How to Create a Social Media Disaster Plan

On social media, customer satisfaction is key: the Retail Consumer Report conducted by Harris Interactive in in 2011 found that after a seller contacted consumers who left negative reviews, 34% of consumers deleted their reviews, 33% replaced their negative review for a positive one, and 18% became loyal customers. Happy customers can advocate your brand, with the same report noting that 21% of a retailer’s customers recommended that business to a friend.

Meanwhile, unhappy customers can be your business’s greatest enemies—which means you need to have an action plan in place to deal with their concerns before things spiral out of control.

Preparing a Social Media Team

First, gather together your personnel into a crisis team. Recommended personnel include your social media manager, various department managers, corporate communications representatives and someone from your legal counsel. Because different departments may have to respond to different crises, create a flowchart of various levels of controversy or scenarios that specify who will be contacted. For example, some cases might require a legal expert to weigh in before reacting, while others won’t.

Communication between everyone involved is key when navigating a social media crisis. Have a means of liaison between your social media team and corporate’s PR personnel. An important thing to consider is how these teams will communicate if a crisis is caught after business hours: who will handle a situation like this, and how will they be notified and act swiftly?

Make sure roles are clearly defined. When the appointed person has drafted a response to a crisis, who will look it over for final approval? Who will deliver it—and where? A good rule is to respond on whatever channel your crisis sprung up on first, and then respond on other networks. So if your Facebook page is being met with lots of blowback around a given situation, respond there with a statement before extending to, say, YouTube or Instagram with a statement.

Anticipate Common Feedback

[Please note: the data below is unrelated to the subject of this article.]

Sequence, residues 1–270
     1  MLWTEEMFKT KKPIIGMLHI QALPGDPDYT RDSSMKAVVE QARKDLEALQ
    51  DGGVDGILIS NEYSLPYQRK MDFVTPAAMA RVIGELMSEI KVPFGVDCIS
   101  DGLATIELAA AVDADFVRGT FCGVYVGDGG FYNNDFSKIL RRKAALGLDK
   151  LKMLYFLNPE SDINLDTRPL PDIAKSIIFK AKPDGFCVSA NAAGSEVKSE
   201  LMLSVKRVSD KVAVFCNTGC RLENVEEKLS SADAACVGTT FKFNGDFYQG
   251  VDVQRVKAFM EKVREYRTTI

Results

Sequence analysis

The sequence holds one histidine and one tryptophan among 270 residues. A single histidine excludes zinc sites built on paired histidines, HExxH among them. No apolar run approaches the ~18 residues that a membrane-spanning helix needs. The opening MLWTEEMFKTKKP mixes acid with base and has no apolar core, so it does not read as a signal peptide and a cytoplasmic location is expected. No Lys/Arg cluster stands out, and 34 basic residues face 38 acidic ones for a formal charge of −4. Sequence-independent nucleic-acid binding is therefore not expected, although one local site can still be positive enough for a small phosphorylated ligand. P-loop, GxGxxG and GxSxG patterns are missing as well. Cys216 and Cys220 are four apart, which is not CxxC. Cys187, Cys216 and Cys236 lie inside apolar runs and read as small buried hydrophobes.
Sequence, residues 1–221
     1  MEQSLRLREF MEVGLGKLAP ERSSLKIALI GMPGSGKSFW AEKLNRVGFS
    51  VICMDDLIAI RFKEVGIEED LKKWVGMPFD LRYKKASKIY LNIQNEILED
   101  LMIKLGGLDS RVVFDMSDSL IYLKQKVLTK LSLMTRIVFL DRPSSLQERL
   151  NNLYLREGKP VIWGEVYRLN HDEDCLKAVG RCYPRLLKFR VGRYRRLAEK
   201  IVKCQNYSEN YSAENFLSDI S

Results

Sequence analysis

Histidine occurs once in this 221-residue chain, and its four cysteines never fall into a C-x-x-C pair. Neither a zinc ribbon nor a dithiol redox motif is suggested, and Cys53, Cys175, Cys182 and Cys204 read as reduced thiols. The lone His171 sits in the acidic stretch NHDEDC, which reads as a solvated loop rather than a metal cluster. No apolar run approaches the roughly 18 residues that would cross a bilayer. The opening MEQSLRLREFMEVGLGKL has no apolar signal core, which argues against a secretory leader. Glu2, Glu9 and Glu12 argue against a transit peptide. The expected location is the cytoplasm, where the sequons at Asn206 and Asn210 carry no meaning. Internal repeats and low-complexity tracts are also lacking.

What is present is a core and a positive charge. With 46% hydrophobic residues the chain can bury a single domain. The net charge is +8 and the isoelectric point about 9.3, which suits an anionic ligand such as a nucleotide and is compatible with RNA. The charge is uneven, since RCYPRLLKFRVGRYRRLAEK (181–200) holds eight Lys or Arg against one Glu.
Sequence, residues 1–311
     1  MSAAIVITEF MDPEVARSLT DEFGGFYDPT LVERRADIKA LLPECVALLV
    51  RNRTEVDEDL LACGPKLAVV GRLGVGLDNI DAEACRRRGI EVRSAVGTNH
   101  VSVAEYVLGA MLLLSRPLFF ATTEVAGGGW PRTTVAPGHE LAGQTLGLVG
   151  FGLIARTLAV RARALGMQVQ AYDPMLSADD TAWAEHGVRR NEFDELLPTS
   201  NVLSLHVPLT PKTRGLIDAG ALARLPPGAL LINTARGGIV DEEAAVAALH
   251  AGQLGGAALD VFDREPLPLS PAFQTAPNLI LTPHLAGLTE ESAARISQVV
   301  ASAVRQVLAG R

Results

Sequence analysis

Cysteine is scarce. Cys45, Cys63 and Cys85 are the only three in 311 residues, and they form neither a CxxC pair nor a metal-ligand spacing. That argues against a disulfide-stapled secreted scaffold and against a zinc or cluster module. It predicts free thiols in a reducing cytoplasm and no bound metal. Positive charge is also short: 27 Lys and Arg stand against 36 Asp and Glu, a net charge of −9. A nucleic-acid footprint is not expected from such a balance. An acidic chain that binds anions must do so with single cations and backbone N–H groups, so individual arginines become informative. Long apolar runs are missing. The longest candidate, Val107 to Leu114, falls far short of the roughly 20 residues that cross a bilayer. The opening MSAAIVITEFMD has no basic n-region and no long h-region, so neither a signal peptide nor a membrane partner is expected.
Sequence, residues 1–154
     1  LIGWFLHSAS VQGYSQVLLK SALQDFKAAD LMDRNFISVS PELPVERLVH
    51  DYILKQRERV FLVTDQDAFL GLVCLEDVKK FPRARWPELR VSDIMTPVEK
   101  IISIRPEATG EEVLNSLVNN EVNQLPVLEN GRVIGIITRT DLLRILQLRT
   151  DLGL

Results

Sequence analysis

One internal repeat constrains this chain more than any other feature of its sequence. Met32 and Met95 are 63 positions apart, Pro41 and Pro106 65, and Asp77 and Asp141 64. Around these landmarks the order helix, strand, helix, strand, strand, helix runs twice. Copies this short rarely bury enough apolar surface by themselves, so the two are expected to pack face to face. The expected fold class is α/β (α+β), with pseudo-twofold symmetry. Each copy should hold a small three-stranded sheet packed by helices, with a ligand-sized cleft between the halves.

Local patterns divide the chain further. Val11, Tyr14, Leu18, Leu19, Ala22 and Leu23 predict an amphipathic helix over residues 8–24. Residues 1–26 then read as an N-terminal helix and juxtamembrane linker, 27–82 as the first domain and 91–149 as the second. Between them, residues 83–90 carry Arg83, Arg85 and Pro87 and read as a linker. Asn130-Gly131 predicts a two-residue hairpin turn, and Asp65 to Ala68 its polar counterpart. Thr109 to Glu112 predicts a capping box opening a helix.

Once your team is ready, identify what constitutes as a disaster or not. Every large company faces a constant stream of typical negative feedback, such as general criticism against Apple’s labor practices. These “evergreen” comments are easily anticipated and can be dealt with using a canned response. Brainstorm with your team what typical negative feedback you expect with your brand, and have a series of responses lined up—but always deliver these responses in a personalized fashion rather than a simple copy-and-paste job. Being ready ahead of times means you can respond to common concerns immediately rather than cultivate distrust in your brand.

Monitor Feedback (and Respond!)

You want to catch dissatisfaction early and deal with it quickly, before a small issue becomes a full-blown social media crisis damaging to your reputation. It may seem counter-intuitive, but allow customers to voice their complaints on your profiles; it’s better to have them do so in a forum that you control and can easily track rather than have complaints be spread all over the internet. With most of the criticism against your brand mostly organized in one place, you’re able to more easily respond to everyone. So if you couldn’t avoid a controversy, invite your customers to speak their mind all in one place—show them you’re listening, and keep the conversation contained.